Main Article Content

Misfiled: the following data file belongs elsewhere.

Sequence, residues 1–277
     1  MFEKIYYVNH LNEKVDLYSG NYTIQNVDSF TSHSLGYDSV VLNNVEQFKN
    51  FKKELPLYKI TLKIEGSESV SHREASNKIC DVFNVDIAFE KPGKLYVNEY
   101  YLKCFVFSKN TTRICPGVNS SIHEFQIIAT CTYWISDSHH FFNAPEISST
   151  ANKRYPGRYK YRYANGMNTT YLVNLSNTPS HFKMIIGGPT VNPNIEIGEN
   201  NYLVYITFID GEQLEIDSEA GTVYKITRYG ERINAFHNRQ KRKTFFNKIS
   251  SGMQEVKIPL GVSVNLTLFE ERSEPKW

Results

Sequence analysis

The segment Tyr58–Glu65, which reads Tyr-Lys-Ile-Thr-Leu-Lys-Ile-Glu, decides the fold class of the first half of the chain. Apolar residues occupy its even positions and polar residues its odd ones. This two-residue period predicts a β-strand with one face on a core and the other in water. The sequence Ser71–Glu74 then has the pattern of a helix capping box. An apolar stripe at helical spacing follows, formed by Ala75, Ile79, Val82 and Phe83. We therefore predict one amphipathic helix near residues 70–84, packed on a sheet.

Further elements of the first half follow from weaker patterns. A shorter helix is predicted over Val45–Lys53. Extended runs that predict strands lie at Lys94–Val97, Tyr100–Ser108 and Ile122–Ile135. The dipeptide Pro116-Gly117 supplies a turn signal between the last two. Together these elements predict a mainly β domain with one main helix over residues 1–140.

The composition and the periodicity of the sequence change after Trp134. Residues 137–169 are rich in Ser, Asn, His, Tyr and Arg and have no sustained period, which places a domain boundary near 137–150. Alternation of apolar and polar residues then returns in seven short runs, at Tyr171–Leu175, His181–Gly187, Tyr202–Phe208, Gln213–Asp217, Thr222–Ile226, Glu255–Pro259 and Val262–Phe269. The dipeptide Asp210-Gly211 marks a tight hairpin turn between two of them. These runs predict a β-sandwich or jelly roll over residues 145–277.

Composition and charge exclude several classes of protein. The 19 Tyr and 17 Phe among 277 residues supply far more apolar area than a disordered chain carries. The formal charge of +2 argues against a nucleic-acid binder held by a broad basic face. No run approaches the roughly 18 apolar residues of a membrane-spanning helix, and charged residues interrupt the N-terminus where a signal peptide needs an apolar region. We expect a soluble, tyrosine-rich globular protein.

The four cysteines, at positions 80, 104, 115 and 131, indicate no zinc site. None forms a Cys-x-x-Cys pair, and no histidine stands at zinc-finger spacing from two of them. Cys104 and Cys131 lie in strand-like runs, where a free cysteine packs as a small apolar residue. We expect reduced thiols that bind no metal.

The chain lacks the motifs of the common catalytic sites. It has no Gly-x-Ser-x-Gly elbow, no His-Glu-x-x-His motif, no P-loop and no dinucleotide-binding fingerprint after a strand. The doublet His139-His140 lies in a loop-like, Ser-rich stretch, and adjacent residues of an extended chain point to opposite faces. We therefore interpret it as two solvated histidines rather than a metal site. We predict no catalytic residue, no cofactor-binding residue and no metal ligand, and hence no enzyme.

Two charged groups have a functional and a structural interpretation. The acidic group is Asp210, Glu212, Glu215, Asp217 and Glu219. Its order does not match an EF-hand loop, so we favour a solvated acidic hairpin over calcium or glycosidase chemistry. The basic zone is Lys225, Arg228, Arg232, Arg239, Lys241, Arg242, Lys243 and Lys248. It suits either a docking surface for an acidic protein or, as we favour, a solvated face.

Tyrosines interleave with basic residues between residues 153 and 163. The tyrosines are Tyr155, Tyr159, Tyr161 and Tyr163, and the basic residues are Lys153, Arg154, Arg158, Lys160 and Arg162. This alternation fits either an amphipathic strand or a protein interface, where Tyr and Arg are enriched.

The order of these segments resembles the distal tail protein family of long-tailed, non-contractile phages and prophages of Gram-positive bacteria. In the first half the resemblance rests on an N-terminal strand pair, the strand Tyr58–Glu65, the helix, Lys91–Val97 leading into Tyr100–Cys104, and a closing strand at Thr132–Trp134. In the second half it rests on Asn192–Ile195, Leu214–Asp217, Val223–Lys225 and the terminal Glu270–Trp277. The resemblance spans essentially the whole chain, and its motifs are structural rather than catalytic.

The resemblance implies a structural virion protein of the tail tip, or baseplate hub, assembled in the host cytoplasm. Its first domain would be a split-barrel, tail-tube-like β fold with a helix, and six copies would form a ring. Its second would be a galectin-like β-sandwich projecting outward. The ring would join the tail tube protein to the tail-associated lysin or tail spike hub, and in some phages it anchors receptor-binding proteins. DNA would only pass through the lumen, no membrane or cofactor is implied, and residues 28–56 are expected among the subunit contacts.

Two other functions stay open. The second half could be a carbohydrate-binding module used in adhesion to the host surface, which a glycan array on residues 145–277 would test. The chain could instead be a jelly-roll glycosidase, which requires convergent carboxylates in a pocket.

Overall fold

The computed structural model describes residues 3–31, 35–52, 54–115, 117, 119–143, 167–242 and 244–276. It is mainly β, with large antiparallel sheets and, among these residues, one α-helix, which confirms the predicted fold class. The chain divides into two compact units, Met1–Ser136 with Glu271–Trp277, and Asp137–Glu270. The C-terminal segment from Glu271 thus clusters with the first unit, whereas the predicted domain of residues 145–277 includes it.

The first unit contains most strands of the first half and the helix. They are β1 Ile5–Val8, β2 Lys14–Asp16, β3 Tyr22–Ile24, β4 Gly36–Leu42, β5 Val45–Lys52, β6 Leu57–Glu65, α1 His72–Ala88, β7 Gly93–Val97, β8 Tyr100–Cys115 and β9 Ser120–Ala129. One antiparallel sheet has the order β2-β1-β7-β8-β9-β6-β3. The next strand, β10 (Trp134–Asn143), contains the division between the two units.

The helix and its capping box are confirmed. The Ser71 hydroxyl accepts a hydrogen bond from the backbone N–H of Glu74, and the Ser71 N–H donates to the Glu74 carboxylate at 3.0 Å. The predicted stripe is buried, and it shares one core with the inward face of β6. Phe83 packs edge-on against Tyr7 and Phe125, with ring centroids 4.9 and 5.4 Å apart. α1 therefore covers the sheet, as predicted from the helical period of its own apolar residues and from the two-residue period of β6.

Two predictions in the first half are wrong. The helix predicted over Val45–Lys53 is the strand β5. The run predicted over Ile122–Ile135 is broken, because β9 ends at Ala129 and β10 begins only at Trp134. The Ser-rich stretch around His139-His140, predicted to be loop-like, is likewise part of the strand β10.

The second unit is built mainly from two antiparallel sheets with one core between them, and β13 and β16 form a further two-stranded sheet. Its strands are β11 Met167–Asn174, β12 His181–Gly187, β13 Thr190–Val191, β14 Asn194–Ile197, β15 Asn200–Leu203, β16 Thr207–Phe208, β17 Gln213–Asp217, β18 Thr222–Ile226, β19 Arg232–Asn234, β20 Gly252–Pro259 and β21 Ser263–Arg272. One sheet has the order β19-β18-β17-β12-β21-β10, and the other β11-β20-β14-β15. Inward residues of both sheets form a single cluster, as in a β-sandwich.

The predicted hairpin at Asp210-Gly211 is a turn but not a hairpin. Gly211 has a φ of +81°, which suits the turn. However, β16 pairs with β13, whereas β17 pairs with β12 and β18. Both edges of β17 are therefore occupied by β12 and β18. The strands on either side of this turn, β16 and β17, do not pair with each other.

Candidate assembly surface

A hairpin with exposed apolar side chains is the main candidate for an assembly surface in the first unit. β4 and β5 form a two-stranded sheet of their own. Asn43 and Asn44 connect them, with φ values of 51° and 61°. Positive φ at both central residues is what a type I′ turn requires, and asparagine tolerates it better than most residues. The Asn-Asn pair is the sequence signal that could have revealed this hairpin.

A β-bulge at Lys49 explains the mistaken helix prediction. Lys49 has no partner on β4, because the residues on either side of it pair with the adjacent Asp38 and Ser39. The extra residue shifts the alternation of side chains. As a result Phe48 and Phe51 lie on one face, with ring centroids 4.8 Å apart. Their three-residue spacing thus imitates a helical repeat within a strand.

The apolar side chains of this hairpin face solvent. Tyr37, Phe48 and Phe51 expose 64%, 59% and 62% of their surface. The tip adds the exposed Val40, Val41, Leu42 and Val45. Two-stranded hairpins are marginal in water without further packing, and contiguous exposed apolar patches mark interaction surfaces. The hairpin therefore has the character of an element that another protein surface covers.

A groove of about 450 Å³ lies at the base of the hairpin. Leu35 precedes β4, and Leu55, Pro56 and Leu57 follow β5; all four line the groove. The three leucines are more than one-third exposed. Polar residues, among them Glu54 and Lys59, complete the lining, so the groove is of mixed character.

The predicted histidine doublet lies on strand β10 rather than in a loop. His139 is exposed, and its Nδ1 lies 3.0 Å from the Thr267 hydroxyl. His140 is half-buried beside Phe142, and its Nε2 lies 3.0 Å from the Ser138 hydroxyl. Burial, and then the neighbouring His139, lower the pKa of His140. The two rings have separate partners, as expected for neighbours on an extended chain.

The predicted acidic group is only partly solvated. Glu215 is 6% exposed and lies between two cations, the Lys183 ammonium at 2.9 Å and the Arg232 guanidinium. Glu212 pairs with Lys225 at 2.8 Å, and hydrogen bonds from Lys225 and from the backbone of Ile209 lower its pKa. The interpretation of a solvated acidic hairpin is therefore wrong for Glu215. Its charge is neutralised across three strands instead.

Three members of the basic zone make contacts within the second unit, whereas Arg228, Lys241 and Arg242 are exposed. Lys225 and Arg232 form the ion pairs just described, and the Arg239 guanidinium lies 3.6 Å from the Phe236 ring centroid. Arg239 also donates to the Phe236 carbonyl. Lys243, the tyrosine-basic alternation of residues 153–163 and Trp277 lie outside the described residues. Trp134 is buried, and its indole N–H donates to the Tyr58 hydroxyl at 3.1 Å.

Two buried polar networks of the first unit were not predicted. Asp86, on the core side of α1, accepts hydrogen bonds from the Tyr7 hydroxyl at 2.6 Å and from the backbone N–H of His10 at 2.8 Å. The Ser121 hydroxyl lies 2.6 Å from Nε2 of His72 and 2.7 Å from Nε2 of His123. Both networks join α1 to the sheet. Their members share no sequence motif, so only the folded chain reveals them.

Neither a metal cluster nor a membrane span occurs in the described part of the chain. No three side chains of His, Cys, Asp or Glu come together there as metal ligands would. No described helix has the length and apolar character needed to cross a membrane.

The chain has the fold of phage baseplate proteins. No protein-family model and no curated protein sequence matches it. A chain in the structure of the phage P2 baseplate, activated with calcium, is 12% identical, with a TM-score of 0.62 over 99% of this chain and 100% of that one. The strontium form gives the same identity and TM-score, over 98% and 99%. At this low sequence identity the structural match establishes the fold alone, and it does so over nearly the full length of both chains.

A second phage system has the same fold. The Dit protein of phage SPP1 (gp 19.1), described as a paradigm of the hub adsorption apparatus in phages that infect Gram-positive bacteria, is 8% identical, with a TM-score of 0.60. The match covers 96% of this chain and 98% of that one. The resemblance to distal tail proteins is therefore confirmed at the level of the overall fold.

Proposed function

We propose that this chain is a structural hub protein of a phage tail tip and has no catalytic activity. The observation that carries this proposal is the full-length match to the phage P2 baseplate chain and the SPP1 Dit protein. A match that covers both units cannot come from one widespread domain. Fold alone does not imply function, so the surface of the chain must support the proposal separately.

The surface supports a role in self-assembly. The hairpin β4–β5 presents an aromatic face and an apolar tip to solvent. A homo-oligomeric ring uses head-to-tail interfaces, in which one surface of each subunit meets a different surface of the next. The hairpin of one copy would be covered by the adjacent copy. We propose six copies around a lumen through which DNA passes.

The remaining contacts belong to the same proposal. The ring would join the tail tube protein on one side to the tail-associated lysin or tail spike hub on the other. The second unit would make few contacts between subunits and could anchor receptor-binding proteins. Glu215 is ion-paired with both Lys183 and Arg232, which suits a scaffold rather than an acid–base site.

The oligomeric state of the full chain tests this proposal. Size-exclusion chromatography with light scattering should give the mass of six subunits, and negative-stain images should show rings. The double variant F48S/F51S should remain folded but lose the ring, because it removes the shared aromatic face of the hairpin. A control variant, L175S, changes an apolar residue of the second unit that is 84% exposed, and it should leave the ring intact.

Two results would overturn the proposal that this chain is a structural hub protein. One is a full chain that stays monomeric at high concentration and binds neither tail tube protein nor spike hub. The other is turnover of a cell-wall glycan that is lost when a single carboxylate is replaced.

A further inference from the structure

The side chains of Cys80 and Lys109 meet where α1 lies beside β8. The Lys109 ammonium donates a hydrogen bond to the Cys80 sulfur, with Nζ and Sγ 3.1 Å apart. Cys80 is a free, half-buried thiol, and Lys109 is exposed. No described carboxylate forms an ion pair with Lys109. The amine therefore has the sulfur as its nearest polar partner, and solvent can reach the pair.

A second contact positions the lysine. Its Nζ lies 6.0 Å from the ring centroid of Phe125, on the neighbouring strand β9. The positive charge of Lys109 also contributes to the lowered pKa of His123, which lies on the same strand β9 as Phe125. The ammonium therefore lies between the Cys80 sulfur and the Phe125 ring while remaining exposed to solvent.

This paper is concerned with a class of algorithms that perform exhaustive search on propositional knowledge bases. We show that each of these algorithms defines and generates a propositional language. Specifically, we show that the trace of a search can be interpreted as a combinational circuit, and a search algorithm then defines a propositional language consisting of circuits that are generated across all possible executions of the algorithm. In particular, we show that several versions of exhaustive DPLL search correspond to such well-known languages as FBDD, OBDD, and a precisely-defined subset of d-DNNF. By thus mapping search algorithms to propositional languages, we provide a uniform and practical framework in which successful search techniques can be harnessed for compilation of knowledge into various languages of interest, and a new methodology whereby the power and limitations of search algorithms can be understood by looking up the tractability and succinctness of the corresponding propositional languages.